April 10, 2010

Five things I’m really glad I got to do

You know, Blog, sometimes it’s fun to look back on your life and be happy about some of the very cool things you’ve gotten to do. The other day I posted about getting to spend time talking with my idolized celebrity crush, Guy Carbonneau. But I don’t necessarily mean those kind of amazing occurrences--just things that you’re happy you experienced. Just like you, Blog, are grateful you were there the day I decided to start writing a new, more random blog. Well, I’ve come up with a few of examples from my life to share with you:

Watching the premiere of the original “Star Trek.” Yes, I was there at 7:30 on Thursday night, September 8, 1966, glued to Channel 4 and thrilled beyond belief that the show I’d been awaiting for weeks was finally starting. I was ten years old. That first episode, “The Man Trap” (the one with the salt monster) was the scariest of the entire series to me, but I loved it anyway. A couple hours later I was in bed, pretending I was a member of the Enterprise crew. Little did I suspect (especially when my heart was broken by the show’s cancellation) that it would still be a phenomenon 44 years later.

Learning to make my own clothes. As an early teen, I took sewing lessons at Sears (and still have the same ancient machine, a 1960s Kenmore). The first dress I made was purple with a red scarf with a purple pocket with a red button. Yes, a pocket on the scarf. The 60s were a very funky time. I made my junior prom dress during the freak blizzard of April 1973, and here you see me with Bob my date. Have prom dress styles changed or what? They take a lot less fabric these days. Anyway, it is no longer cost-effective to make one’s own clothes but is a most excellent skill to have if you like making costumes. Which I do.

Making a hot air balloon with my family. This photo shows my dad (squatting down) and my mom (in red) circa 1970, launching our hot air balloon. We ordered the kit from the Edmund Scientific catalog. I pitched in with gluing the immense paper pieces along their many seams. As you can see, people of all ages came from all over the neighborhood to help and watch. We sent our balloon up a total of 13 times. The 13th launch landed irretrievably in a tree, ill-fated just like Apollo 13.

Being a part of the folk movement. When I was in grade school I loved the New Christy Minstrels and the Seekers. Kind of liked the Kingston Trio, too, and in college was obsessed with Peter, Paul & Mary.  (So yes, I adored the movie “A Mighty Wind”--it was spot on.) Every summer during our week at camp, my friends and I constantly sang folk songs and if you could hear the tapes of us, you’d be amazed at how good we were. I was also fortunate enough to belong to a campus church (Calvary Lutheran Chapel at U.W. Madison) during the heyday of Christian folk music. So I was in the Allelu Singers, and I even took part in the creation and performance of a folksy musical review called “A Treeful of Owls.” Being good Lutherans, we ended the first act with a drinking song and served beer during intermission. It was a very cool cultural phenomenon to experience firsthand.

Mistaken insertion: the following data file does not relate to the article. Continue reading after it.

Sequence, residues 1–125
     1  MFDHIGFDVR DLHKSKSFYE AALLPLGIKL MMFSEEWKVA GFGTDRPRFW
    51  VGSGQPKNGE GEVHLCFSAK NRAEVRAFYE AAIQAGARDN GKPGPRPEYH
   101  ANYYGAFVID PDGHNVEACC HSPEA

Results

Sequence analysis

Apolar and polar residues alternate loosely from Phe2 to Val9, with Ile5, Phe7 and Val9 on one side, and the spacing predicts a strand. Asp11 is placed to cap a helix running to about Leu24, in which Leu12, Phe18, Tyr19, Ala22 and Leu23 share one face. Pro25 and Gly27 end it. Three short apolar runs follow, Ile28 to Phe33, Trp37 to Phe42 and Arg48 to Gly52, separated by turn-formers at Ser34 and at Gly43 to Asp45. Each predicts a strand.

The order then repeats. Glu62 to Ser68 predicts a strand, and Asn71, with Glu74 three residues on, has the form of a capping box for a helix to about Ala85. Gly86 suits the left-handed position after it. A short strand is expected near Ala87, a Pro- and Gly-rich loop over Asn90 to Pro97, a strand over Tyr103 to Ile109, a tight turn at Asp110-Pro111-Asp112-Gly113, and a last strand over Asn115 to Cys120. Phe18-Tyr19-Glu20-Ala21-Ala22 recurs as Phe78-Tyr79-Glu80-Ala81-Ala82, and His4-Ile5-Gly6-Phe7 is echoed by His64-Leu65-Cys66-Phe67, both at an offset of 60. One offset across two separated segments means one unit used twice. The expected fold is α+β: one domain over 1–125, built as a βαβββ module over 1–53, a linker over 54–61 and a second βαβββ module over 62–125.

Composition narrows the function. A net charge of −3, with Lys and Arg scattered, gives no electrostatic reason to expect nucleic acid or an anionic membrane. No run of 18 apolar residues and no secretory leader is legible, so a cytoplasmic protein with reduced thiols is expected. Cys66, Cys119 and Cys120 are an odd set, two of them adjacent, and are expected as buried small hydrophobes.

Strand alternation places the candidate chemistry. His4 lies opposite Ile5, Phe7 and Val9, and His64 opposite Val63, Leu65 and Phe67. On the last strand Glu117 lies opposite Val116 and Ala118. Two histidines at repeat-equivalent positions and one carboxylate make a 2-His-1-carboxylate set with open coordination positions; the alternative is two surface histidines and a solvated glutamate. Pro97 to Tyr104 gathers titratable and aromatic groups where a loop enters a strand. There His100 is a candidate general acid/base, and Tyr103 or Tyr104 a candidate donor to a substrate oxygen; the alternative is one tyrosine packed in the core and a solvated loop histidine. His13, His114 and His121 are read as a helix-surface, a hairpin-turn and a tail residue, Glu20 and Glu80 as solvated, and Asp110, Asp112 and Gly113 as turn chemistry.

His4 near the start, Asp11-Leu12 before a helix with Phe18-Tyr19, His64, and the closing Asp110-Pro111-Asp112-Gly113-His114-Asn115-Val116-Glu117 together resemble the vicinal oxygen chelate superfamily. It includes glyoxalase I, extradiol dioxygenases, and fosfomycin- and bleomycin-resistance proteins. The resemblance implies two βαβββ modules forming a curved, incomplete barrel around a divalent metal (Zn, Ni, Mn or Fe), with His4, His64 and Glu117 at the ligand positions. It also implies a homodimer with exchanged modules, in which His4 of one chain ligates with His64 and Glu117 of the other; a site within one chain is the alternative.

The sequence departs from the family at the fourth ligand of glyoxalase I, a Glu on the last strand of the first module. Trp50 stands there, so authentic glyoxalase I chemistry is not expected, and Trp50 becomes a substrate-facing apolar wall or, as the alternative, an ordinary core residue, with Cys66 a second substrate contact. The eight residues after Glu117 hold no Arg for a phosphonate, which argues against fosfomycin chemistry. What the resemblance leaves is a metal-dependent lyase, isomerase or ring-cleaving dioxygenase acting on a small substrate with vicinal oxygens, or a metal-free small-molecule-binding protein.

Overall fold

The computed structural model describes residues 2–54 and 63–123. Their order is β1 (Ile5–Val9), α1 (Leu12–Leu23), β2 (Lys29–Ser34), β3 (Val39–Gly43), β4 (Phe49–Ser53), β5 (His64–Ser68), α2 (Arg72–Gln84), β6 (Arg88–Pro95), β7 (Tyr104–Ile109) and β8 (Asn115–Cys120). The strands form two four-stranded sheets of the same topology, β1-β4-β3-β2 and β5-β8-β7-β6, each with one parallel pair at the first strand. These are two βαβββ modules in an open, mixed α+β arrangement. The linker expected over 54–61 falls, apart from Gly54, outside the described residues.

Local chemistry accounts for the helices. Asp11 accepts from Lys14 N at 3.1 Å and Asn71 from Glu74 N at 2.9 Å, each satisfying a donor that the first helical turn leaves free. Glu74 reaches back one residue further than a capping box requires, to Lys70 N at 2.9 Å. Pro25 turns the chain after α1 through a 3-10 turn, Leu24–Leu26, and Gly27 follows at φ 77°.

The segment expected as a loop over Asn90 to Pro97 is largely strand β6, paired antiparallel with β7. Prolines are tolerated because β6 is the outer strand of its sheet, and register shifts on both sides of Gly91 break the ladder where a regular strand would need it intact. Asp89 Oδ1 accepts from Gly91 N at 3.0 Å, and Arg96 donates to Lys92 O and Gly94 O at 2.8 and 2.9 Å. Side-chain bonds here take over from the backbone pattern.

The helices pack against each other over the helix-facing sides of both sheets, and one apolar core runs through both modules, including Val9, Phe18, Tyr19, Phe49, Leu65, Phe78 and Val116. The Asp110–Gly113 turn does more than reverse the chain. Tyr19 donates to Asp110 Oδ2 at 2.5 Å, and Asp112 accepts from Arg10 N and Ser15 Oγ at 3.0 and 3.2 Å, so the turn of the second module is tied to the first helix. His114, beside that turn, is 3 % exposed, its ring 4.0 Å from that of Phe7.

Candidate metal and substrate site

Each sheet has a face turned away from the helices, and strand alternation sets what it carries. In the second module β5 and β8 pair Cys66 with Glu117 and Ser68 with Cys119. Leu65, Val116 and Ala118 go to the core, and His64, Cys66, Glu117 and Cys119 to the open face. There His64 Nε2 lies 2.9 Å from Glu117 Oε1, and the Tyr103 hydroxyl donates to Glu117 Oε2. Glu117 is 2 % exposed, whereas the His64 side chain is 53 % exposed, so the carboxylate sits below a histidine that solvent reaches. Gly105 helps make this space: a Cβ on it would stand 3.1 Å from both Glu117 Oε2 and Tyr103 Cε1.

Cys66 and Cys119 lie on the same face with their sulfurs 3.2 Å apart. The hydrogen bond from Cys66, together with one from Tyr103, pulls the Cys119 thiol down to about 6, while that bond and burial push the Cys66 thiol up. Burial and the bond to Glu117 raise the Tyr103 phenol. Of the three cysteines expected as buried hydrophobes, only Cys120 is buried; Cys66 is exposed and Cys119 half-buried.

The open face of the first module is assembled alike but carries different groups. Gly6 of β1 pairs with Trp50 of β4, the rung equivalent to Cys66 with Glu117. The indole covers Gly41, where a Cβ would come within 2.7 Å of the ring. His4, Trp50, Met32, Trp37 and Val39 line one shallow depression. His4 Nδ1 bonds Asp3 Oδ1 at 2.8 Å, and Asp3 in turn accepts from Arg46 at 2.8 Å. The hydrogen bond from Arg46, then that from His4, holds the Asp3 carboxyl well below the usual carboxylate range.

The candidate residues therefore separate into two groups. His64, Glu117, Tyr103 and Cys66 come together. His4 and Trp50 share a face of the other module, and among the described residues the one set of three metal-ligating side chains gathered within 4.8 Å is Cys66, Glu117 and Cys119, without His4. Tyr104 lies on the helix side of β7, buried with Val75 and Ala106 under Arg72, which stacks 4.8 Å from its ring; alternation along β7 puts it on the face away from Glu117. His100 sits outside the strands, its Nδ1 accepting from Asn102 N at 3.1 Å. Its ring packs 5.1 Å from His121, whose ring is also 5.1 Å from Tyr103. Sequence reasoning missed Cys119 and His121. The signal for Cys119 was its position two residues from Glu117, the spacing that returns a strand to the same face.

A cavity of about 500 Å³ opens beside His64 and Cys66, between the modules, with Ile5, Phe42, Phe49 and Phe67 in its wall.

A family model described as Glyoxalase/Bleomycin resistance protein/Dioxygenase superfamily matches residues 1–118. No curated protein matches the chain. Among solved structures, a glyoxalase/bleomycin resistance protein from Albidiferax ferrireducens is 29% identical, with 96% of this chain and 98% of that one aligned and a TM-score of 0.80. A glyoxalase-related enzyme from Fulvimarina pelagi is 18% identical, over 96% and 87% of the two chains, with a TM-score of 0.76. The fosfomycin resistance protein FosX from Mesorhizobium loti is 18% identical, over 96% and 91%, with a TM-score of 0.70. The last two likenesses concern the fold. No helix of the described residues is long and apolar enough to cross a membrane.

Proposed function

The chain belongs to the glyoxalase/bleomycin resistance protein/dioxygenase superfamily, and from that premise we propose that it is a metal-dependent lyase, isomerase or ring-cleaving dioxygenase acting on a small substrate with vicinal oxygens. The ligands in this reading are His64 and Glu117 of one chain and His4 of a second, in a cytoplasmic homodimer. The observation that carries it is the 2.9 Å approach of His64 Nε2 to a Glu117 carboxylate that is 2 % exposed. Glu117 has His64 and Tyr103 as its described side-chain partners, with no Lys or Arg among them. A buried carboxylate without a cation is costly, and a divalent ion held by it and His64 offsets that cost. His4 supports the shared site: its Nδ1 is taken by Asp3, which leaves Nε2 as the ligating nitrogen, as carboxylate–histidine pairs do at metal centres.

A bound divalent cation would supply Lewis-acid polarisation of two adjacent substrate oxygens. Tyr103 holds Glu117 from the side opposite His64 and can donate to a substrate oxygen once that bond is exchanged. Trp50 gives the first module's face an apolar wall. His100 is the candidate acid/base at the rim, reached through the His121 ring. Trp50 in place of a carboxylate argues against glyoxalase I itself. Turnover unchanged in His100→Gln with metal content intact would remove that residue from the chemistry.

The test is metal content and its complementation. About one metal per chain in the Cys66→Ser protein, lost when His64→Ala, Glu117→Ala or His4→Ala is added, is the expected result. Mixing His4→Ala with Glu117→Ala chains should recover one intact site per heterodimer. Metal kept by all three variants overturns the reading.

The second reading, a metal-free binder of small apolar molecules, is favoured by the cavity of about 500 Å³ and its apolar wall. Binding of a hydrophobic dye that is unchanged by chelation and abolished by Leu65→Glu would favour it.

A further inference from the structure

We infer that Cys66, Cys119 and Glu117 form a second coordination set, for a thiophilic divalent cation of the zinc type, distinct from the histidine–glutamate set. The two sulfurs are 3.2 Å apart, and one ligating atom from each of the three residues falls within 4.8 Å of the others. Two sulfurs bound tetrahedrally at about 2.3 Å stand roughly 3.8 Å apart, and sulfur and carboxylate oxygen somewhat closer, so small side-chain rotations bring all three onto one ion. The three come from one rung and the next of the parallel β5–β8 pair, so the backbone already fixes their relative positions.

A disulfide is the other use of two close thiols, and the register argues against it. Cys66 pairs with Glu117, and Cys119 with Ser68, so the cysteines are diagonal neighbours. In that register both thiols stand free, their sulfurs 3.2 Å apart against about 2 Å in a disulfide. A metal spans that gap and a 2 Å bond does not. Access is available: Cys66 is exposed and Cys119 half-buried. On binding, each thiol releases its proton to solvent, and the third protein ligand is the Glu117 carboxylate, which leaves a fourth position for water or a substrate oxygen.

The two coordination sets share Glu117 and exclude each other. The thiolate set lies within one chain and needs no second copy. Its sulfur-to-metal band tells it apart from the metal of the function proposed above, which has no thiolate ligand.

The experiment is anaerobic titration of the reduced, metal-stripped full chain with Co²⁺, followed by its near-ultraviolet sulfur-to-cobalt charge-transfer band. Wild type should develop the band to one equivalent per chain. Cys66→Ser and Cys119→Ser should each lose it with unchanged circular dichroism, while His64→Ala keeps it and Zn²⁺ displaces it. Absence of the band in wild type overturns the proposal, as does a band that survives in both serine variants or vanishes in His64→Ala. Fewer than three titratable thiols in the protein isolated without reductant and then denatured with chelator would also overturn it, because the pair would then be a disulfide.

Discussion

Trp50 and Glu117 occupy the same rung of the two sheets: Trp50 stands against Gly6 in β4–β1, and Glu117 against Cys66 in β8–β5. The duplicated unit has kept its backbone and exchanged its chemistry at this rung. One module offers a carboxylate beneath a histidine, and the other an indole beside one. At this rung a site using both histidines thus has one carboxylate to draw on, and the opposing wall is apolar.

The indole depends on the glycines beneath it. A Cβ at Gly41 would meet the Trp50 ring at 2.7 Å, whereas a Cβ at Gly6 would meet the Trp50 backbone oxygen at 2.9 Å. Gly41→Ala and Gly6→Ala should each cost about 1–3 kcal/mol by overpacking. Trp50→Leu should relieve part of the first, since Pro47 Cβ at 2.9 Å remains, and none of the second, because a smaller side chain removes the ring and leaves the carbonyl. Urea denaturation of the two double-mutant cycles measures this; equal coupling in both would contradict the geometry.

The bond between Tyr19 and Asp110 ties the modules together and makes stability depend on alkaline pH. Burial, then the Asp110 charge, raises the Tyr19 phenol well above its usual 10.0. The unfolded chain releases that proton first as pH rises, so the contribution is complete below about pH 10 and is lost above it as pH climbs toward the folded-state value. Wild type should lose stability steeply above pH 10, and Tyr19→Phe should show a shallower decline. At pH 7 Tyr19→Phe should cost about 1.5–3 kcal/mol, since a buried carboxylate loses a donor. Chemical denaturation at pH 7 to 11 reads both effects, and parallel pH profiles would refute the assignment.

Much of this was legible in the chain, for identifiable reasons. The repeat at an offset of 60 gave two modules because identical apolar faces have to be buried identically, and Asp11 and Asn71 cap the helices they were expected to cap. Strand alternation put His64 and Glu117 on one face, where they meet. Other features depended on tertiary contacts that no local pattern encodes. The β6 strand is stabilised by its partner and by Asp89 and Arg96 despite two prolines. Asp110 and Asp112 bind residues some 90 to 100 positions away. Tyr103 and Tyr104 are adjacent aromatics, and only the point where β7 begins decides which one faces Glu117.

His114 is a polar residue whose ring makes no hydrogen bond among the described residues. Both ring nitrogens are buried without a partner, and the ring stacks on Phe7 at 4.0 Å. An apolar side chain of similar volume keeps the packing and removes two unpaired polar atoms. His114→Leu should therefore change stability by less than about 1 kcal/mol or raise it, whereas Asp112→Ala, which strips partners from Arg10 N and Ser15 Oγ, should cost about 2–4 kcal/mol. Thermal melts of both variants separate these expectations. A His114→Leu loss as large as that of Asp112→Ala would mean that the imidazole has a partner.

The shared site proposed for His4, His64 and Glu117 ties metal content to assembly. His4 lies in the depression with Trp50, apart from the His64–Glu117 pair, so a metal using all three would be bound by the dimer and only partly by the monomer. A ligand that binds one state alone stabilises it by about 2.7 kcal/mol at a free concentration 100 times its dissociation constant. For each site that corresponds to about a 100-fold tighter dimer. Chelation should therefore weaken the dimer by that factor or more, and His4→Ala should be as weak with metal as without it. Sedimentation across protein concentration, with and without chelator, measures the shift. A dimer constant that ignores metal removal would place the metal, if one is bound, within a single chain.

Seeing that Davie got exactly the wedding he wanted. My (second) husband Davie, whom I met in 1992 and married in 1994, did not have a very successful romance life before he met me. In fact, he was wondering if he’d ever find Ms. Right. In spite of his doubts, he still had a wish list for his wedding. Along with a willing bride, he wanted (1) the song “Walk Forever by My Side” by the Alarm in the wedding service; (2) pizza at the reception; and (3) music by Milwaukee entertainment icon Pat McCurdy. Turned out (1) I loved “Walk Forever by My Side” when he played it for me, and a friend of mine sang it in the ceremony; (2) we had our reception at an Italian place called Salvatore’s II and served pizza, mozzarella sticks, wings, and other treats; (3) Pat McCurdy and his band played three sets and I even got to duet with Pat. Here’s one of the songs he did that night, which was a theme song of mine...

Today is Davie’s 49th birthday and I’m still his disaster girl! Happy birthday, awesome Davie!


  1. What a cool idea! I think i will steal it and use it on my livejournal. Oooh maybe I'll put a personal one in the LJ, and a hockey-themed one in my hockey blog. Even better!!

    Anyway it is a great reflection- to look back and find things that you were proud of/happy about.

    Making your own clothes is a fantastic skill to have! I was never patient enough to learn from my mom, though she tried to teach me when I was a kid. She has been sewing forever and still makes most of her wardrobe. To this day, she can go out Saturday morning to buy some fabric, and by Saturday night have a new outfit for a dinner out with Dad. WILD stuff. She even made her own hood to go with her gown for graduation (she's a teacher and so attends the high school graduation, and recently completed her Master's program online so now she gets a cool hood, but they were crazily expensive, so she made one.)

    Sorry 'bout the tangent.. and I love the prom dress! :)

    And how cool is that hot air balloon? I love it!

  2. Do it! Please put links back to my blog and hopefully more people will become Blog's friends. :-) Also let me know so I can read those posts too! I love those cool "degree" hoods. Your mom is really impressive. The prom dress is "something else" alright, thanks! And yeah, that hot air balloon experience sure was something.

  3. Here's the link to my post in the hockey-blog, complete with a link back to you. :) (of course)

    I think if I had ever acquired the skills, I would have made my own prom dress. I had such a hard time buying one! (or maybe I should have asked my mom.. she made all of our church dresses for years and made a homecoming dress for one of my sisters.)

    And I forgot to put it before but Happy (late) Birthday, Awesome Davie! :)